Who did you borrow from? Most loans are qualified education loans IF they are only used to fund education. Examples of non-qualified education loans are credit cards, personal loans with other uses, etc.
Technically, any private loan that was only used to fund education is considered a qualified education loan.
Finally, even qualified education loans can be discharged in bankruptcy. It's just rare because you have to pass the Brunner Test for undue hardship. See this: Bankruptcy and Student Loan Debt.
Oh man... that breaks my heart you're eligible for PSLF. Your FFEL loans don't qualify for PSLF, and you could have had your debt forgiven already (based on it being more than 10 years since PSLF existed)...
With that said, if you want to go for PSLF, you must consolidate. You need Direct Loans.
Also, if any forgiveness program does come to pass (it likely won't, but hey, we can hope), it also will likely only apply to Direct Loans.
Well, remember, you owe the debt to the US Taxpayer. Navient is just a servicer. The technical way Navient (and all loan servicers get paid) is roughly $2 per loan per month. That's it. They don't get paid your interest or anything.
With that being said, you can re-consolidate your loans today. They'll become Direct Consolidate Loans. They'll be eligible for the current Covid-19 pause. They'll also become eligible for programs like PSLF.
However, based on your repayment plan, you could be on the road to loan forgiveness already (plans like IBR include loan forgiveness after 25 years). When you consolidate, you're taking out a new loan. Any past history goes away, so any payments you made prior no longer count.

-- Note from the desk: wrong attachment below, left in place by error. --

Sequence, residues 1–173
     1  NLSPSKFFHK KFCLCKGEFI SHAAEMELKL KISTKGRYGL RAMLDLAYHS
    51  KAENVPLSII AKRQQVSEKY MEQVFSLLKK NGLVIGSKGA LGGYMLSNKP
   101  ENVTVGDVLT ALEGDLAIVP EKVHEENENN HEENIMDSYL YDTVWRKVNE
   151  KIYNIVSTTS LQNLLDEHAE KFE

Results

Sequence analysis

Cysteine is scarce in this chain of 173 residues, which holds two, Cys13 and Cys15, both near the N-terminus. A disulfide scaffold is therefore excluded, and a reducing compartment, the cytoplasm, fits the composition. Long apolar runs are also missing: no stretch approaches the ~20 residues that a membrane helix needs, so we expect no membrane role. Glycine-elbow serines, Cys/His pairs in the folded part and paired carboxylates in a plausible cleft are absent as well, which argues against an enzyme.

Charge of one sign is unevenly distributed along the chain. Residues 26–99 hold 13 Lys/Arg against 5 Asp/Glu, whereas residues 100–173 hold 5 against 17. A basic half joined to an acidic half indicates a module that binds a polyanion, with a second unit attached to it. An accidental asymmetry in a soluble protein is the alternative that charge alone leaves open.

There are trade-offs with both, and the choice is personal based on your situation, income, etc.
It sounds like you have an old consolidated FFEL Loan. These loans don't qualify for any programs under the Covid-19 assistance.
Furthermore, chances are that future legislation will continue to not cover them. Depending on how much you have left on your loans, and how much time you have left, you might consider re-consolidating into a Direct Loan, which will open you up to the current Covid-19 pause, as well as new loan forgiveness options (like PSLF).
I can't tell you what you did. I can't tell you the paperwork you filed. Only you can know and have records of it. You can also pull your MyAid file on StudentAid.gov and see your loan records to check.
Since both your loans are at Navient, regardless of consolidation, you're likely being billed one amount anyway.
I'm not sure I understand. You can consolidate your loans together, or you can consolidate each loan individually, but you can never consolidate your Parent PLUS Loans into your children's loans.
Remember, Parent PLUS Loans are legally your responsibility 100%. While you may have a verbal (or even written agreement) with your children, they are still your loans.
Some private lenders allow you to refinance a Parent PLUS Loan into the child's name, but the child has to agree to it and do the application (and of course, qualify on their own without you). However, there are big drawbacks to private loans.
Well remember, your loans are also always growing as well, unless your payments are fully amortized.
I don't recommend most teachers do Teacher Loan Forgiveness. Rather, I recommend Public Service Loan Forgiveness. That's 10 years, but you get total loan forgiveness. And, if you get an income-driven plan with a very low payment, you might pay less anyway.